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Large amounts don't grow on trees

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Bilbo Baggins lived the life of a rich bachelor having inherited wealth from Bungo Baggins and Belladonna Took but he also lived a long life. How did he invest his wealth?
The West Farthing Bank or part ownership of The Green Dragon or The Mill?
 

ArwenStar

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Maybe he...
  • Bought hobbiton?
  • Bought large amounts of food/beer/pipe weed?
  • Donated to charity?
  • Bought some Mathoms?
  • Buried it in the ground?
  • Maybe he would want the Green Dragon?
  • Or maybe he just gave it to Frodo?
 

Olorgando

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Ah, no, this is clearly still a time when money was limited to coins. Higher denominations might have been ingots of (semi-) precious metals, gems and stuff like that Barter was also probably quite wide-spread. The "natural bankers" of the time would probably have been the Dwarves - though they have more than just a touch of Scrooge McDuck to them.
Hmmmmm. What would the dragons then represent?😎

OK, all of this is about, as far as I can tell, the time before "there and back again". After that, Bilbo had quite a tidy hoard from Erebor, as well as some of the stuff from the Trolls' hoard (or did he give all of that to Gandalf?). After the expected party, what was left most likely went to Frodo, as Bilbo's heir.
 

Alcuin

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Consigned to the salt mines of Núrnen…
We know what Bilbo did with his share of the trolls’ hoard. Cf. this dialogue between Merry and Frodo in “Flight to the Ford” from Fellowship of the Ring:

“There!” said Merry. “That must be the stone that marked the place where the trolls’ gold was hidden. How much is left of Bilbo’s share, I wonder, Frodo?”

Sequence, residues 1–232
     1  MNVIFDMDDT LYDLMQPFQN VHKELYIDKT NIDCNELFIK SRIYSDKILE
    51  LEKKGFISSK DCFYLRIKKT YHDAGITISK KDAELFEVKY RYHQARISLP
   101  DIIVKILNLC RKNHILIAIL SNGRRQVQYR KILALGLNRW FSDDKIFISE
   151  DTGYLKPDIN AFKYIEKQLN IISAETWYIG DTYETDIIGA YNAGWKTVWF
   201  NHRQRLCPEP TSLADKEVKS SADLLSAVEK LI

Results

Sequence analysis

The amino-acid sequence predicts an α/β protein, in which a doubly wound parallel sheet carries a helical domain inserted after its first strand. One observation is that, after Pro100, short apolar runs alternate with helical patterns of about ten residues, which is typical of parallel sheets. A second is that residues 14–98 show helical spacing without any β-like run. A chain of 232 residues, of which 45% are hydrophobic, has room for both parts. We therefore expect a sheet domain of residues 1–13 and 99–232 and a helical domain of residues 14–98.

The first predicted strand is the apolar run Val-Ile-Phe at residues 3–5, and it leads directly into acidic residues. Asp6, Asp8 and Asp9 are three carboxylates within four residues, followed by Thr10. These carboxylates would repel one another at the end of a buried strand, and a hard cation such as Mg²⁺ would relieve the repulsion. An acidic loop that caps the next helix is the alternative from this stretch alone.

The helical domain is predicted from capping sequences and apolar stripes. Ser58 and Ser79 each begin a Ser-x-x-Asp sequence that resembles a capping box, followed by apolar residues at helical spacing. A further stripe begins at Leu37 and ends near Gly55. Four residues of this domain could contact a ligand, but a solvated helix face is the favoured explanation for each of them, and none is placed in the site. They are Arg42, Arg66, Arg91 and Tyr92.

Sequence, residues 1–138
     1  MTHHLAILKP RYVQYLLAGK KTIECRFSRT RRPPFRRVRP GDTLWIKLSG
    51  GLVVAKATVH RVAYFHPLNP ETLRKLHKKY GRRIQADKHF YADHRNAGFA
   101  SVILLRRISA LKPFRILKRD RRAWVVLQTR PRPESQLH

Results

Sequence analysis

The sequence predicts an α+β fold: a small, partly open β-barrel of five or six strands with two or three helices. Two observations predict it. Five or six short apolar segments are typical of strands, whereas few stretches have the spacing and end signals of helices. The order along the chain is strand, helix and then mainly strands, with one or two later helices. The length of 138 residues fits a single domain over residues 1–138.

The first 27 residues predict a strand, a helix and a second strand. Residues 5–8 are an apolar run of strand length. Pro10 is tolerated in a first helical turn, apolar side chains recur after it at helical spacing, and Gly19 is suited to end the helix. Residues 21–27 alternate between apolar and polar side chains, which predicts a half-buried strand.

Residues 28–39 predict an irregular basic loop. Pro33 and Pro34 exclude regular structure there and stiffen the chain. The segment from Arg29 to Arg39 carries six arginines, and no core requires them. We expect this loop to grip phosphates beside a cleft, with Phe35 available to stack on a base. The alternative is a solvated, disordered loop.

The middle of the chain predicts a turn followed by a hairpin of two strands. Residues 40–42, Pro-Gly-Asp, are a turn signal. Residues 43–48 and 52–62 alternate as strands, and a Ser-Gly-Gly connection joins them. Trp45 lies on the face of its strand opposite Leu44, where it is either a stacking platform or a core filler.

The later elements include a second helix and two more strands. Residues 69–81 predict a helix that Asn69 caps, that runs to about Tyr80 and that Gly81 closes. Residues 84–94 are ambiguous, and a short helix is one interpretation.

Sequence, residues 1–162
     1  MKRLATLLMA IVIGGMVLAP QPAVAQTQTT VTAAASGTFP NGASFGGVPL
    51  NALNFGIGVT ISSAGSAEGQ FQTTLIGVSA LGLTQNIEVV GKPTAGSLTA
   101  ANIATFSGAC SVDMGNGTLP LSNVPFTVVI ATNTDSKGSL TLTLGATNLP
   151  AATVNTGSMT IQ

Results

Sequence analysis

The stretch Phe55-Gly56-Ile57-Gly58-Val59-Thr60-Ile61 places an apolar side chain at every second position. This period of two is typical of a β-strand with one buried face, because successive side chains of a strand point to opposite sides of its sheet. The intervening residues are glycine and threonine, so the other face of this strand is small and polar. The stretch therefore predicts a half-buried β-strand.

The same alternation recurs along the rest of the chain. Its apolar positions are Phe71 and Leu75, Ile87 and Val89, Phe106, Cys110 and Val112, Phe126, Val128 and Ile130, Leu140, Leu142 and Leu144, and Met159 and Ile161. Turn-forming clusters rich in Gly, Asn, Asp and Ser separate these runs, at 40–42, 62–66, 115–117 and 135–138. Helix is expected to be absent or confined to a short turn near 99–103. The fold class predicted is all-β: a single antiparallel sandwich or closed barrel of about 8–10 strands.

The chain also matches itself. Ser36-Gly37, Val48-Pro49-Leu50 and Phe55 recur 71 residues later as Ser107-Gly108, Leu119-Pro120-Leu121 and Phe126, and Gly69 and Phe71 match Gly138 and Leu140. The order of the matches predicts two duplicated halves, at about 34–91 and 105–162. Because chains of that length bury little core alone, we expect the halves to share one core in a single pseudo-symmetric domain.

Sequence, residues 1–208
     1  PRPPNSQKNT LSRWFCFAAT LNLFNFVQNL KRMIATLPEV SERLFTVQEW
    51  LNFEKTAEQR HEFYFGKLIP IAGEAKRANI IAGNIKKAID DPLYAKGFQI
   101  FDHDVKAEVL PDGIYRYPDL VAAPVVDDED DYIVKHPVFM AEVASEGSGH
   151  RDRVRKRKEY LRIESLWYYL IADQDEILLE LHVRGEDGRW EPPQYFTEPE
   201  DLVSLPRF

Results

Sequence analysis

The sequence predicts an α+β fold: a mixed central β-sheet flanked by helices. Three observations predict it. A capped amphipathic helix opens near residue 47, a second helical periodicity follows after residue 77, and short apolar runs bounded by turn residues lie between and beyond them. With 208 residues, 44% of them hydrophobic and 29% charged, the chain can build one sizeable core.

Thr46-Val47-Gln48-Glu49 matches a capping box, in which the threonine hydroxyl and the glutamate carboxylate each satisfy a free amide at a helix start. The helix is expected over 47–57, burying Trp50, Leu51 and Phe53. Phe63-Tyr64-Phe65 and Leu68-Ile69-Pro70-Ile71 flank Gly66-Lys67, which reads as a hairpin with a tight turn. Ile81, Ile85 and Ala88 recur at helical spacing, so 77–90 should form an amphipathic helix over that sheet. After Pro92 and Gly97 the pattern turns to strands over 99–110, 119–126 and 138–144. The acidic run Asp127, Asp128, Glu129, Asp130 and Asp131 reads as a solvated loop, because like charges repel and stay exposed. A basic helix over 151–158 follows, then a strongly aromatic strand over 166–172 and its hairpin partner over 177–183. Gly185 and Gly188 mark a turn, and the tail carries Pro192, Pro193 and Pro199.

Frodo looked at the stone, and wished that Bilbo had brought home no treasure more perilous, nor less easy to part with. “None at all,” he said. “Bilbo gave it all away. He told me he did not feel it was really his, as it came from robbers.”
So nothing was left of the trolls’ hoard. As for the treasure he received from Smaug’s hoard, Bilbo took “only … two small chests, one filled with silver, and the other with gold, such as one strong pony could carry.” (The Hobbit, “The Return Journey”) We know that Bilbo also gave the Elvenking “a necklace of silver and pearls that Dáin had given him at their parting,” (ibid.) so it is possible that Bilbo received some other small token of appreciation; but if so, he was unlikely to part with it, and there was surely no market in the North outside Lindon in which he could convert even the necklace of pearls into any substantial wealth.

Bilbo was already independently wealthy or well-to-do (not wealthy but not worried about money) before his great adventure with Thorin & Co. That probably consisted mostly of land and property: the residents of Bagshot Row likely rented from him (though perhaps the Gaffer was allowed to live for free or at a reduced rate: some arrangement was likely struck between gardener’s pay and rent) and agricultural property. He might, perhaps have owned and rented out property in Hobbiton, or even have inherited from his mother some modest stipend from the Tooks (or not, depending upon arrangements in Hobbit society in the Shire). By the end of The Hobbit when Gandalf and Balin came to visit, “Mr. Baggins’ waistcoat was more extensive (and had real gold buttons).”